just left Halifax, bound for Detroit. Other flights, passing by or not
connected to Halifax are
and in green. For example CKS207 coming up the Bay of Fundy.
The information for flights is
indicated by a symbol in the shape of either a jetliner or a propeller
plane, accompanied by a sort of box of characters such as this:
The top row indicates the airline and flight number,
followed by the aircraft type. The second row is the altitude
expressed as a flight level followed by a speed in knots. the third row is
the airport the aircraft departed from, followed by its destination.
Both FlightAware and Planefinder use ICAO codes for airlines and for
airports. ICAO codes are issued by the International Civil
Aviation Organization, a specialized agency of the UN based in Montreal.
Airlines are issued 3-letter codes and airports are issued 4-letter codes.
In the case of airports these are organized by world regions so that in the
above example the E in EDDP indicates the destination is in northern Europe
and the first D indicates it to be in Germany, and the DP indicates the
specific airport. In this particular case the code box is interpreted
to indicated Kalitta Air Flight 207,
a Boeing 747-300, flying at Flight Level 310 (approximately 31,000 feet) at a
speed of 499 knots. It is enroute from New York JFK to Leipzig,
As you watch the map you
will see these symbols and info boxes moving along. You will find that the
FlightAware page itself refreshes itself every couple of minutes (not on the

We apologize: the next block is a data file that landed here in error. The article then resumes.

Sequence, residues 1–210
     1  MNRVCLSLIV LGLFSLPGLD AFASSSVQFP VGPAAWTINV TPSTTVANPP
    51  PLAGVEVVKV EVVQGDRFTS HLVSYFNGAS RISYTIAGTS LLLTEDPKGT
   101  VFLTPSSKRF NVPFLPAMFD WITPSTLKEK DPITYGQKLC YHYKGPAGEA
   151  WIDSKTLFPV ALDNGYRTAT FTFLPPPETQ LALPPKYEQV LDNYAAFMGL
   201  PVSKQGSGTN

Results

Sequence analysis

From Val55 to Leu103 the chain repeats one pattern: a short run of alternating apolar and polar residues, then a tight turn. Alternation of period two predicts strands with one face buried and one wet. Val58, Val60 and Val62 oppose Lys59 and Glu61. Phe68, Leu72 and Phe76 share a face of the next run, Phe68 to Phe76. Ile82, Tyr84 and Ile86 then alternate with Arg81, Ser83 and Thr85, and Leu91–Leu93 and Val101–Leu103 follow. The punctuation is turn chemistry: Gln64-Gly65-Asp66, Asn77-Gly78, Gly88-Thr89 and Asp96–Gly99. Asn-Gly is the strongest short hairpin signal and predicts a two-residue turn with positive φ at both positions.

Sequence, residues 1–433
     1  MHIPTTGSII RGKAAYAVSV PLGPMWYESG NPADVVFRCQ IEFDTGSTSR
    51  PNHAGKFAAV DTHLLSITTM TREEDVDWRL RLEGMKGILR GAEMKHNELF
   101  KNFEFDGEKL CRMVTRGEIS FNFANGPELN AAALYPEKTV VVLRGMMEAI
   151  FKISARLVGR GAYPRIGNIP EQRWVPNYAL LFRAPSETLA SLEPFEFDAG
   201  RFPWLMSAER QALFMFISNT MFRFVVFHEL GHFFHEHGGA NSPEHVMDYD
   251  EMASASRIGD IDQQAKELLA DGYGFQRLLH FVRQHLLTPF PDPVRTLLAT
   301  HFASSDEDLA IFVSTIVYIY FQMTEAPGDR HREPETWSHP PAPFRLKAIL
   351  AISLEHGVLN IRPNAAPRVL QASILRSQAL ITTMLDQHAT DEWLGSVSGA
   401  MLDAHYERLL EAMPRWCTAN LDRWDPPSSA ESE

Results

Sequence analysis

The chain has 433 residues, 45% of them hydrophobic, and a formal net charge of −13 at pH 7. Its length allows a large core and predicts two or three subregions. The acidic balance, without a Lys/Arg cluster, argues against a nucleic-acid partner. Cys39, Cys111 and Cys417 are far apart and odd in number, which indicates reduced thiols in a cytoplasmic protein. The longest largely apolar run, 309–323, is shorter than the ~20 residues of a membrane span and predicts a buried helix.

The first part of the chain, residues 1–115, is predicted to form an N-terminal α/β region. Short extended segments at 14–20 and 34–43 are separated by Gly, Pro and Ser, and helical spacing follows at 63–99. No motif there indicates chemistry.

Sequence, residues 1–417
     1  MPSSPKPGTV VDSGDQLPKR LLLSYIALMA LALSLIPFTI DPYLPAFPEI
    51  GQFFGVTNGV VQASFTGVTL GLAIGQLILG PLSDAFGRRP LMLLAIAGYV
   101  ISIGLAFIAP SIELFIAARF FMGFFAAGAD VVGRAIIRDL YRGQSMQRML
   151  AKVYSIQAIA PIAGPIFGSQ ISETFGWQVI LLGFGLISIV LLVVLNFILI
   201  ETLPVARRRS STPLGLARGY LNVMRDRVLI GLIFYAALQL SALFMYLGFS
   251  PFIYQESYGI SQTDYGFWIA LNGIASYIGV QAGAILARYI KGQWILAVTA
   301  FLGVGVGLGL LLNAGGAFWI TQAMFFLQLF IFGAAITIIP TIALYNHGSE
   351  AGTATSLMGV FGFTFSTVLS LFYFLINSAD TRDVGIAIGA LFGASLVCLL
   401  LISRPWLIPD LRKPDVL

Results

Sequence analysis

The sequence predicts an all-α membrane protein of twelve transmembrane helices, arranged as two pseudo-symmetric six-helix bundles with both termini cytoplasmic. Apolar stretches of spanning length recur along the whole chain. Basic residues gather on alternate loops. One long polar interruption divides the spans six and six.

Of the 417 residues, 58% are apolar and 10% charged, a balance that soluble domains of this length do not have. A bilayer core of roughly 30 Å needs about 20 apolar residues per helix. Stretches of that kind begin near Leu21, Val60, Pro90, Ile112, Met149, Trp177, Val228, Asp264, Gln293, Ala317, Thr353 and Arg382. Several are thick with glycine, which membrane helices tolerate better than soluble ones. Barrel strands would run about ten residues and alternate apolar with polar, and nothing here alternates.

screen shot!) and when this
happens the aircraft will take a few seconds to come up again. Note
that at this time of day there are not many flights showing. This is
the quiet time for trans-Atlantic flights, with most being cargo flights as
in the case above where you can also see an UPS flight. Most of the
flights shown are actually regional traffic here in the Maritimes. In
times when there are not many flights showing, all of them will have their ID's showing but in busier times there will be a cycling through the aircraft
identifications, although the little aircraft symbols will remain.
You will also be able to move around and centre the map other than on
Halifax, and I find I do that from time to time to perhaps check on what is
farther out in the ocean or up more towards the northern Gulf of St
Lawrence, or in Alabama for that matter.
For more information on how to read the airline and
airport codes keep on reading as this is explained farther down the page.
One caution about FA is that the
information you are seeing has been delayed by a few minutes for security